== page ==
Officials want funding increase

Brian Bakst

University officials plan to ask the Legislature to pay half of the University’s operating costs under a proposal presented to the Board of Regents on Friday.
Although the 1998-99 biennial budget request is not finalized, the draft is based on a Legislature commitment of $244 million. But over the past five years state support has declined almost 10 percent.
The draft of the budget request also relies on a $43 million revenue growth at the University. In addition, the University intends to reallocate funds and create new revenue sources of $79 million.
One source of revenue increases would be from increased student enrollments, said Bob Kvavik of the office of Management and International Education. Kvavik said for every 1,000 students admitted, $3 million could be raised in revenue. Kvavik added that reducing the faculty by 5 percent would yield $15 million in savings.
But as administrators try to raise revenues, they also say the amount of money the University receives in tuition should be limited to inflation rates.
It doesn’t mean, however, that the rate students pay for tuition increases would also be limited to inflation. Tuition rate increases would depend on a student’s college and status, said Marvin Marshak, senior vice president for Academic Affairs
The purpose of the biennial budget request is to set forth the University’s priorities for the next two fiscal years.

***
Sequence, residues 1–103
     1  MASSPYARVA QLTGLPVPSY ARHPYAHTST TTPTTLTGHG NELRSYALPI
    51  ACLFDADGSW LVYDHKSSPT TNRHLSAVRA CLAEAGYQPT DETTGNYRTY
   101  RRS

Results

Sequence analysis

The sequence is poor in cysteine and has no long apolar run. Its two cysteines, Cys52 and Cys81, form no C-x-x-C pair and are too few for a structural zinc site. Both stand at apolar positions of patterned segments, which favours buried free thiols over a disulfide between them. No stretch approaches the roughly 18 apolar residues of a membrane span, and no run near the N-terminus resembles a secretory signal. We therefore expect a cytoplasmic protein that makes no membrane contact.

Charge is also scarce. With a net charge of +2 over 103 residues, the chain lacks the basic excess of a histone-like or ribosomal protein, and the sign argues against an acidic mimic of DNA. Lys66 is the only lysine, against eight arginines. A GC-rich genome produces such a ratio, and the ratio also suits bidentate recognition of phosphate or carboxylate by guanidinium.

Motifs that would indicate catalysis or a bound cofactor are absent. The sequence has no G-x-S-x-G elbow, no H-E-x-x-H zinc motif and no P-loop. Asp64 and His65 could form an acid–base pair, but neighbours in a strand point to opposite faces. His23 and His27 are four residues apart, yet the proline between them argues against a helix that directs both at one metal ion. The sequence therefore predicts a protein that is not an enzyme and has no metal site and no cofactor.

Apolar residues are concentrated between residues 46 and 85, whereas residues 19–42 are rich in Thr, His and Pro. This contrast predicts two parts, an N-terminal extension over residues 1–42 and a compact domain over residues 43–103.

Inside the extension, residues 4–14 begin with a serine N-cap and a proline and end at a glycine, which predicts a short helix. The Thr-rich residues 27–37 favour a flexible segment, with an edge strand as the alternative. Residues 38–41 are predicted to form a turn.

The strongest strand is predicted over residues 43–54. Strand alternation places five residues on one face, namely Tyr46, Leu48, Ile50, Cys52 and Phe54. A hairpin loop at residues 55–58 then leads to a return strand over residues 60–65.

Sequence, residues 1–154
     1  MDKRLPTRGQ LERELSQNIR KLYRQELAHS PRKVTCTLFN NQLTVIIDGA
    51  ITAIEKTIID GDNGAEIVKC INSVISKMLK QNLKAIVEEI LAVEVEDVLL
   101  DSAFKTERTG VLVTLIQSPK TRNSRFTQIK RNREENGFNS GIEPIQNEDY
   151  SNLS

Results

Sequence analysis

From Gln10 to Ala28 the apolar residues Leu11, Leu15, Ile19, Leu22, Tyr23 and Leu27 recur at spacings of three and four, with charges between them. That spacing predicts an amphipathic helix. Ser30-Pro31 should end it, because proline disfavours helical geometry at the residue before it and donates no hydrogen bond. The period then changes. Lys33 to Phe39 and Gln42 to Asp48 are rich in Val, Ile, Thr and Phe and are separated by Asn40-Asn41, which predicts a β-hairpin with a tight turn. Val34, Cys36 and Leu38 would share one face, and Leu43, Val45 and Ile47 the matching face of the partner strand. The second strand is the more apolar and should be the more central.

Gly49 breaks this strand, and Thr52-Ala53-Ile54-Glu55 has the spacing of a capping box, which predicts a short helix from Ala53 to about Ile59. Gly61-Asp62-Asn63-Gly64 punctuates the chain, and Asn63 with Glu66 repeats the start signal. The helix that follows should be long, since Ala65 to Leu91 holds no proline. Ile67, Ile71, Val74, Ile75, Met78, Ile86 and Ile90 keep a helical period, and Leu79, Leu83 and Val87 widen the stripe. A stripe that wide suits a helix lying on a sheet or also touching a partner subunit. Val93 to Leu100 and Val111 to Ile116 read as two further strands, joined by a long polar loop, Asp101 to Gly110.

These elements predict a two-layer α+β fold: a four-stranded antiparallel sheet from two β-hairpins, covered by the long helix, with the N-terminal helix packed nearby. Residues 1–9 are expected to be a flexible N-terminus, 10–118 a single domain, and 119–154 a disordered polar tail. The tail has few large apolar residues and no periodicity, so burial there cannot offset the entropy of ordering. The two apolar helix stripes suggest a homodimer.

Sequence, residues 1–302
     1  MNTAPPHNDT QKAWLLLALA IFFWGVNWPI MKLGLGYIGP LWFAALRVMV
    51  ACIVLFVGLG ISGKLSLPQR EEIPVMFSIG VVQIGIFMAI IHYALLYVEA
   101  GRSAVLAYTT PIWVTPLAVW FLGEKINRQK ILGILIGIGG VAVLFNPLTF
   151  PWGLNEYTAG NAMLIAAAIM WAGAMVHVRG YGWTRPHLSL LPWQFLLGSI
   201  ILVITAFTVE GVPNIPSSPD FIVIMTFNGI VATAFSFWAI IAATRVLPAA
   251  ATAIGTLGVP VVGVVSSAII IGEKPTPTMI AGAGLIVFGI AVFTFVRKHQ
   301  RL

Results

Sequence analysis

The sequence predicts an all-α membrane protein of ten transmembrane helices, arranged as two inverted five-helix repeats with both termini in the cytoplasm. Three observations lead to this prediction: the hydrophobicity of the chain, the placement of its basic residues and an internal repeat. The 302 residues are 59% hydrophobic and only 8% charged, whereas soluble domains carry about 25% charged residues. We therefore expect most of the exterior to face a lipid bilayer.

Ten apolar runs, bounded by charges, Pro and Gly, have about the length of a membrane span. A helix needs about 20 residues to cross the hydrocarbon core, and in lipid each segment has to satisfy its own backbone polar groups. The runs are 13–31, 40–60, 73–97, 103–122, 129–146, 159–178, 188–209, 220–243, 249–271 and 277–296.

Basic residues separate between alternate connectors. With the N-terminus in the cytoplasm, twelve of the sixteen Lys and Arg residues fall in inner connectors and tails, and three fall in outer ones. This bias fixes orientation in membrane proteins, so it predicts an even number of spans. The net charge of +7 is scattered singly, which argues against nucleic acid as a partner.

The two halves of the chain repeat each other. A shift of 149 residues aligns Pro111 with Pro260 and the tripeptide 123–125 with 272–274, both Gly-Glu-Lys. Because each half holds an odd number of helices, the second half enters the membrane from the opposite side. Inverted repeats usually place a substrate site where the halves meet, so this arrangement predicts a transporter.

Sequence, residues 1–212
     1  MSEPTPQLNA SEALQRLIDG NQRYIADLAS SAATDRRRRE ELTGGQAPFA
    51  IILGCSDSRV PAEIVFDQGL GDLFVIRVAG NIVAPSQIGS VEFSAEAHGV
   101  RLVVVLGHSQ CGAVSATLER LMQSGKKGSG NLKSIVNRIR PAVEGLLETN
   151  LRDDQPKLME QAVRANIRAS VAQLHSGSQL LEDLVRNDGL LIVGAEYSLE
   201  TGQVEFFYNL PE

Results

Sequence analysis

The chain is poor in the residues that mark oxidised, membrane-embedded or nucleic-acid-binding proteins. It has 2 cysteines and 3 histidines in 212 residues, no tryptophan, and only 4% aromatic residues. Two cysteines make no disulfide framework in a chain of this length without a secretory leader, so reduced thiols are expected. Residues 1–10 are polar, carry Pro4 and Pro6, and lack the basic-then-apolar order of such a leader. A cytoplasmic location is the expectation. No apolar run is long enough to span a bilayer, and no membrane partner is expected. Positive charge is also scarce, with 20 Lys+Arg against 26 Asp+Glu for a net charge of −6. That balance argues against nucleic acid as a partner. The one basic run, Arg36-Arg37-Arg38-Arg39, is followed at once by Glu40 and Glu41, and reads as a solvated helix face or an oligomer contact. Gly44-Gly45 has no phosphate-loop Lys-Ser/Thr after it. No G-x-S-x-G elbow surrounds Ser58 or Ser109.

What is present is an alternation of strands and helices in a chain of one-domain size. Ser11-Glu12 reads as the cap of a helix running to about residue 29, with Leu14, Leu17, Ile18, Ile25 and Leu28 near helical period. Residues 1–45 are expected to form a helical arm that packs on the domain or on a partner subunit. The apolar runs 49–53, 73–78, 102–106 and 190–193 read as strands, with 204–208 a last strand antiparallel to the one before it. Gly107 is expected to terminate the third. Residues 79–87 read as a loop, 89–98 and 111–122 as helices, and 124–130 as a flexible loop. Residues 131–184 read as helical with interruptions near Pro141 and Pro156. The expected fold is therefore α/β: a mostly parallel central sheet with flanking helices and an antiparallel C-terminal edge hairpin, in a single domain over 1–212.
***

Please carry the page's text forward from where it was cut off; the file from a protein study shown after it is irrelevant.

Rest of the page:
In Gov. Arne Carlson’s budget proposal, the University would receive more than $463 million annually.
University administrators would like to receive an additional $122 million each year from the state. This would bring the total allocation for 1998-99 to more than $586 million per year.
Two years ago, the University requested $87 million more than Carlson suggested. They only received $60 million more. More than $36 million of that money was labeled nonrenewable. Since 1990, state support has decreased from near 50 percent to 39 percent.
In addition, no money would be allotted under the University’s budget request for building renewal. It was estimated in 1993 that $1 billion was needed to restore University buildings. In Friday’s budget request presentation, it is estimated the University will need $90 million per year from the state for building renewal.
But administrators say the University will ask for this money in a separate request. Regent William Hogan II said he was uncomfortable with building renewal money being put on such an emergency-fund request.
One way to alter renewal costs is to stop using some buildings, said Richard Pfutzenreuter, associate vice president for Budget and Finance. Then these buildings’ operation and reparation costs could be eliminated and used toward other building maintenance, he said.